FROM dual
WHERE TO_DATE(:beg1_date) <= TO_DATE(:end2_date)-LEVEL+1
CONNECT BY LEVEL=ROWNUM
GROUP BY LEVEL, TO_DATE(:end2_date)-LEVEL+1
HAVING NOT (
        TO_DATE(:end2_date)-LEVEL+1 > TO_DATE(:end1_date)
    AND TO_DATE(:end2_date)-LEVEL+1 < TO_DATE(:beg2_date)
    )
ORDER BY LEVEL;

     LEVEL TO_DATE(:END2_DATE
---------- ------------------
         1 02-APR-13
         2 01-APR-13
         3 31-MAR-13
...
        17 17-MAR-13
        18 16-MAR-13
        19 15-MAR-13
        78 15-JAN-13
        79 14-JAN-13
        80 13-JAN-13
...
        90 03-JAN-13
        91 02-JAN-13
        92 01-JAN-13

The ORDER BY clause I've added this time is irrelevant to the logic. It merely undoes the effects of the grouping operation so the results are displayed in a comprehensible order.

Finding Some Sanity

While clever, the preceding approach is pretty awful. The grouping operation is likely to force a partial sorting of the data. It surely must be better to avoid the GROUP BY processing. To that end, take a query and subquery approach:

SELECT day_of_range FROM (
SELECT LEVEL AS range_counter, 
       TO_DATE(:end2_date)-LEVEL+1 AS day_of_range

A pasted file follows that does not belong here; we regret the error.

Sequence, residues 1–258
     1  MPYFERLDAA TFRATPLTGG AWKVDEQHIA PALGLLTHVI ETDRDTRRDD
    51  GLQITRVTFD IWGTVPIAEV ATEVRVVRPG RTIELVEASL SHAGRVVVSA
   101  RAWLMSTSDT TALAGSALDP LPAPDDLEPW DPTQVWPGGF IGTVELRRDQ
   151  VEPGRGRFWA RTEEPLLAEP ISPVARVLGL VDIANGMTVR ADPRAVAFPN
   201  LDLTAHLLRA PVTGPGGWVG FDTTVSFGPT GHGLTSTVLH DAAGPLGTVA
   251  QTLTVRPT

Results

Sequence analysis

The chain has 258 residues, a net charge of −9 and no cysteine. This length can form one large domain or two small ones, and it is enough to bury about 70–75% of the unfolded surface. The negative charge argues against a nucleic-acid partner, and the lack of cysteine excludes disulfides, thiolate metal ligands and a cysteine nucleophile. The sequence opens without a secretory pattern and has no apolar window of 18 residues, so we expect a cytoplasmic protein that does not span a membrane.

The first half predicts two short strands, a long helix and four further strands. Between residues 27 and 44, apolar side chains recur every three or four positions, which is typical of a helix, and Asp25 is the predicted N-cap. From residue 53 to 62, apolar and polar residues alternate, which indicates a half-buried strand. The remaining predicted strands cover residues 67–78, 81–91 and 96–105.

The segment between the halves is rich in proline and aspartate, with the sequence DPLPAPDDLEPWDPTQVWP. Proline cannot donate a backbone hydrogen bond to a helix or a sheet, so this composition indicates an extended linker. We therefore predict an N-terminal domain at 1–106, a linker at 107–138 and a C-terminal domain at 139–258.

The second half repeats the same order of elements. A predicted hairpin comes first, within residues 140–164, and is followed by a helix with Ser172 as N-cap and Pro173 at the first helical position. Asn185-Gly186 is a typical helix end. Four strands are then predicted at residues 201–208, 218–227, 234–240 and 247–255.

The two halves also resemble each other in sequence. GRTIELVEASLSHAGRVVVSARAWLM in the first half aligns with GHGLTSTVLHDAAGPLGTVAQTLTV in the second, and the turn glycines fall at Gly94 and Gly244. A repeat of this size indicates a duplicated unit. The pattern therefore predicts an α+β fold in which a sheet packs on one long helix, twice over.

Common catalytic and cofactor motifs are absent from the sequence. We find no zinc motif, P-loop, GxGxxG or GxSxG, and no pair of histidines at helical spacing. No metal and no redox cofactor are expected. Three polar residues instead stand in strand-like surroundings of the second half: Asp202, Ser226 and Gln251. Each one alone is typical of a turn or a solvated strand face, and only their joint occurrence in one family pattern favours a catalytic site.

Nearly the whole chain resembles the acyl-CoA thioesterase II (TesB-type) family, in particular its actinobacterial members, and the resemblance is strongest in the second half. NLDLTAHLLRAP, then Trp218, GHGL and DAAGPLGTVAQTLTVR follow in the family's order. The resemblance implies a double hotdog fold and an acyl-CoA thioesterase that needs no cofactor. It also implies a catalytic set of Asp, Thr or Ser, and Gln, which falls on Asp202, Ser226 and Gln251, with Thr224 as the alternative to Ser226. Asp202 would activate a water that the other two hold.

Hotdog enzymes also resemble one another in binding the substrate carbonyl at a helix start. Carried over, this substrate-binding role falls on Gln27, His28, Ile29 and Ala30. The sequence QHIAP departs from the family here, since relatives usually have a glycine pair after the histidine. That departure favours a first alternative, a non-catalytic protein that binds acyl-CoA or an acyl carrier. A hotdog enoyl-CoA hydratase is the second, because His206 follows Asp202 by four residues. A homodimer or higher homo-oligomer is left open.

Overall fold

FROM dual
WHERE TO_DATE(:beg1_date) <= TO_DATE(:end2_date)-LEVEL+1
CONNECT BY LEVEL=ROWNUM
) WHERE NOT (
        day_of_range > TO_DATE(:end1_date)
    AND day_of_range < TO_DATE(:beg2_date)
    );

The inner query generates the extended range of dates. The outer query's WHERE clause punches the desired hole in that range. The results are dates covering just the two, smaller ranges.

Pondering an Alternative

If the desired gap is large enough, then you may prefer to attack the problem as a union of two queries. Be sure to use the UNION ALL operator to avoid the overhead of unneeded elimination of duplicate rows; there won't be any. For example:

SELECT LEVEL, TO_DATE(:end2_date)-LEVEL+1
FROM dual
WHERE TO_DATE(:beg2_date) <= TO_DATE(:end2_date)-LEVEL+1
CONNECT BY LEVEL=ROWNUM
UNION ALL
SELECT LEVEL, TO_DATE(:end1_date)-LEVEL+1
FROM dual
WHERE TO_DATE(:beg1_date) <= TO_DATE(:end1_date)-LEVEL+1
CONNECT BY LEVEL=ROWNUM;

The first query in this union generates the latter range. The second query generates the earlier range.

Making the Call

I can't generalize on which of the two approaches is best. You'll have to make that call based upon your own circumstances. Which approach is easier to code and merge into whatever larger query is being written? Which approach performs better on some representative test executions? Those are questions I would ask of myself.


Acknowledgment: Many thanks to Arturu Ramirez for posing such an interesting query problem. I have enjoyed the challenge of solving it.